The nature of women is different when it comes to the strength of their menses. The Prophet [May the peace and blessing of Allah be upon him] made clear that the longest normal time period for a woman’s menses is either six, or seven, days, and that there are some women whose menses will be less, and some whose menses will be longer. If it is the first time a woman has experienced menstruation, then her purity is established by either her becoming dry, or the appearance of a white fluid that comes at the end of her menses. And if the woman has menstruated before, then she is considered as one who has developed a natural pattern regarding her cycle. However, it must be noted that there is a difference amongst the scholars regarding how many times she should have menstruated before her cycle is considered a means to measure her menses. Some of the scholars hold that she should have menstruated at least three times. Thus, if she menstruates three times consecutively within a three month span, then she will know the strength of her menses because of her experience. However, if she menstruates once, or twice, without reaching three consecutive times, then according to those scholars the measurement of her cycle cannot be known. It is said that it is sufficient for her to menstruate only once. Meaning, if she menstruates and discovers that the norm of her cycle is seven days or six days and that her purity comes in the morning or the evening, then this measurement is taken into consideration.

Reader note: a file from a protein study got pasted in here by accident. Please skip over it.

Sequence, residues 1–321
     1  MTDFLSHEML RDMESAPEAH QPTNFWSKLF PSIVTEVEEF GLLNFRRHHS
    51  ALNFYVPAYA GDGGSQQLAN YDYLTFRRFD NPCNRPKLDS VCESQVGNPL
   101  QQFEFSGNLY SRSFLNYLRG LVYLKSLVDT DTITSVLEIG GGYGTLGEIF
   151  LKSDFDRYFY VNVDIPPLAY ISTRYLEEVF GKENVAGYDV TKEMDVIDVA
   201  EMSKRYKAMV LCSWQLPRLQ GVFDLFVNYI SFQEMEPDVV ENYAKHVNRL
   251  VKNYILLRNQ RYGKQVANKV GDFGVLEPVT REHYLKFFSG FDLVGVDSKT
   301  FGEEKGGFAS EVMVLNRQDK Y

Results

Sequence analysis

It is possible that a woman’s cycle could start at anytime during the day. However, it is not obligatory for her to check her menses at night before sleeping. However, when she awakes in the morning if she checks and finds that the area of her menses is dry, then it is obligatory for her to fast. And if she still sees some discharge then she is considered on her cycle and she will stay in that condition until she is absolutely sure that her cycle has ceased. However, if her habit is to end her menses with a white clear discharge, then she should wait for it because it is the sign of her purity and considered more accurate then dryness [this was the opinion of Abdu al-Rahman bin Qasim see Hashiyat al-‘Adawi ‘ala Risalah Abi Zaid al-Qayrawani. SDW]. With that in mind, it is possible that she could rely upon dryness regarding fasting. Thus, if she discovers that she is dry and the white discharge [that signifies the end of her menses] has not come before dawn, then it is possible for her to fast and, after that, if she experiences the white discharge, it will not damage her fasting. And if her menses stops during the night, and she fasts and experiences discharge after the evening prayer, then her fast, for that day, was sound as it was considered a day free of menses. However if she awakes pure, begins her fast and then experiences her menses again during the day, then she must break her fast and make up that day.